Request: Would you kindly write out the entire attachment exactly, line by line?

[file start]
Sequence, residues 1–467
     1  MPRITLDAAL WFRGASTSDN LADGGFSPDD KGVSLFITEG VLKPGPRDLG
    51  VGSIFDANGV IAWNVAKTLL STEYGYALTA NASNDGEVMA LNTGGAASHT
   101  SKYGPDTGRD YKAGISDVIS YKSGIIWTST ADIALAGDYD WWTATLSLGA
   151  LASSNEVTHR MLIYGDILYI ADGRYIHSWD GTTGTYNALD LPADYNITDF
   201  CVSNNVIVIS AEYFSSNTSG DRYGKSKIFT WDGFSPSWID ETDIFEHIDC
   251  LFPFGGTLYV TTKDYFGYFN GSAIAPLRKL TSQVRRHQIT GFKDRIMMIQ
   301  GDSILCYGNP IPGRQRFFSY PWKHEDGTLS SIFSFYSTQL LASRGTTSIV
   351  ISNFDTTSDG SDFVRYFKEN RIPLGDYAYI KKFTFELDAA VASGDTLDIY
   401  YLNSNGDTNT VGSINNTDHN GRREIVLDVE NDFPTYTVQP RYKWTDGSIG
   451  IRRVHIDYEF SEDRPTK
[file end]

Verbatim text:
Sequence, residues 1–467
     1  MPRITLDAAL WFRGASTSDN LADGGFSPDD KGVSLFITEG VLKPGPRDLG
    51  VGSIFDANGV IAWNVAKTLL STEYGYALTA NASNDGEVMA LNTGGAASHT
   101  SKYGPDTGRD YKAGISDVIS YKSGIIWTST ADIALAGDYD WWTATLSLGA
   151  LASSNEVTHR MLIYGDILYI ADGRYIHSWD GTTGTYNALD LPADYNITDF
   201  CVSNNVIVIS AEYFSSNTSG DRYGKSKIFT WDGFSPSWID ETDIFEHIDC
   251  LFPFGGTLYV TTKDYFGYFN GSAIAPLRKL TSQVRRHQIT GFKDRIMMIQ
   301  GDSILCYGNP IPGRQRFFSY PWKHEDGTLS SIFSFYSTQL LASRGTTSIV
   351  ISNFDTTSDG SDFVRYFKEN RIPLGDYAYI KKFTFELDAA VASGDTLDIY
   401  YLNSNGDTNT VGSINNTDHN GRREIVLDVE NDFPTYTVQP RYKWTDGSIG
   451  IRRVHIDYEF SEDRPTK